Author Archive

Pat McClung

Entry-level servers: Workgroup workhorses

The latest entrylevel workgroup servers, 500 MHz Intel Corp. Pentium IIIs, are ideal for small workgroups. These file and print servers are not meant for department level use or critical data storage. Rather, they are basic workhorses for printing, email and standard file storage, and perfect fo

Xybernaut wearable PC not always a good fit

Ghostbusters, Star Trek and Terminator come to mind when you see someone wearing the Xybernaut Mobile Assistant IV.

AMD chip tops Intel

In a neverending battle for bragging rights, Intel Corp. and Advanced Micro Devices Inc. are at it again to see which company can produce the fastest desktop processor. Last week, Intel released a 600 MHz Pentium III, and this week AMD is announcing the release of its 600 MHz processor, the Athlon

Notebook class of '99 earns high honors

Testing by Pat McClung You couldn't ask for much more from the notebook computer industry. Since the FCW Test Center's annual notebook roundup last August, vendors have improved nearly every aspect of their systems, from processor speeds and hard drive capacity to system weight and battery life - a

500 MHz Pentium IIIs: Better than ever

Testing by Pat McClung and Andreas Uiterwijk The latest 500 MHz Pentium III PCs are fast, wellbuilt and easier to manage than ever. But the most intriguing new feature for government buyers is the unique serial number hardcoded into the processor. The serial number offers advantages to government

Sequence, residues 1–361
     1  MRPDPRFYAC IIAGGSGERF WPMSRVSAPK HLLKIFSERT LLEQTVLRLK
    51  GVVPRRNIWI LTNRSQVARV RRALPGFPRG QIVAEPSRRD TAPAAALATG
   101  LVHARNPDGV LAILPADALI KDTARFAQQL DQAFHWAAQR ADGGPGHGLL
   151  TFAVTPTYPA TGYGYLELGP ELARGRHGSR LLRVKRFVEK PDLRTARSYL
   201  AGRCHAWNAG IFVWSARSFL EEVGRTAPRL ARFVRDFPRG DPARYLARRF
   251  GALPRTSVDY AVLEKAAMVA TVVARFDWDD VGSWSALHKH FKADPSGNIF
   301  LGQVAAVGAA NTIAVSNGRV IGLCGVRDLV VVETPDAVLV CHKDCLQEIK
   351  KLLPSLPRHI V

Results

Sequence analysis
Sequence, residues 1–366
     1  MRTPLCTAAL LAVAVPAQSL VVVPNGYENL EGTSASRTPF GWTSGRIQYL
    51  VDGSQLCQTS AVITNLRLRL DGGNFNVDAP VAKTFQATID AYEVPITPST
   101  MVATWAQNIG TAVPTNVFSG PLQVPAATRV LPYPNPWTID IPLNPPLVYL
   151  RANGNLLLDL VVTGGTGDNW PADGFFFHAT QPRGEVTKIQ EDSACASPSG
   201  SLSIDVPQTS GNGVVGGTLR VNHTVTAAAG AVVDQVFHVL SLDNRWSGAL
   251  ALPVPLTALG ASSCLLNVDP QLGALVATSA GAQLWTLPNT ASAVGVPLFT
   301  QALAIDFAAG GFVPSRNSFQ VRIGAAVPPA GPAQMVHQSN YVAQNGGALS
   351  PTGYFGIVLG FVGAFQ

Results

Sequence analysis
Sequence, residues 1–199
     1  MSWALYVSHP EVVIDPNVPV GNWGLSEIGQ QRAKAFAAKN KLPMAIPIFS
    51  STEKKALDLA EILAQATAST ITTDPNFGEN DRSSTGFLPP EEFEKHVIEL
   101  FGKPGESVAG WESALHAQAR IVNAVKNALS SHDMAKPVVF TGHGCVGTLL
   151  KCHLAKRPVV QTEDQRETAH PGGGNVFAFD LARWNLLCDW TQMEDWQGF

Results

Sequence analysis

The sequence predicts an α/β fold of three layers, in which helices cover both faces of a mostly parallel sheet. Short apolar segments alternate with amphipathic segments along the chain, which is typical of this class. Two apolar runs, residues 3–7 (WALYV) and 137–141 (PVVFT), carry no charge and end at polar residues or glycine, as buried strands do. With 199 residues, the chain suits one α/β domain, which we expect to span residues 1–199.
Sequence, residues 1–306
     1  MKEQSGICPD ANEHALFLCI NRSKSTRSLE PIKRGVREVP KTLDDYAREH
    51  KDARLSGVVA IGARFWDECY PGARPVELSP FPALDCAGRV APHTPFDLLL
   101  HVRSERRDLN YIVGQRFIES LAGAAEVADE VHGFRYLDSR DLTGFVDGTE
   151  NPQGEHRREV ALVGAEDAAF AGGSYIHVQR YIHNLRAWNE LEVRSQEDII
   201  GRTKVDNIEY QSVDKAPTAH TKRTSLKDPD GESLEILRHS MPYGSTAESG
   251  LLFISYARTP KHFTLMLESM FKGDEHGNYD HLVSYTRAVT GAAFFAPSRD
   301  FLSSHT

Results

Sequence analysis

FlexScan L66: A sound choice in flat-panel displays

How many times have you thought to yourself, 'If I could get rid of this monster monitor, I would have so much more room to work?' Well, the answer is here: flatpanel displays. Eizo Nanao Technologies Inc. has made the thought of getting rid of that hulking old CRT monitor even more enticing with

Iomega provides a better way to handle floppies

You're a busy executive who travels several times a month, but your agency doesn't have enough notebooks to assign one to each person. So you are constantly juggling a halfdozen floppy disks, transferring files and presentations from one notebook to the next. Each time you go through this drill, y

IBM security kit proves easy to use, affordable

You are on your way home from a business trip. At the airport, you set your briefcase down while you buy a cup of coffee. In a split second, the briefcase with your notebook PC inside is stolen. The company's insurance will cover the cost of replacing the notebook, but you are worried about the pro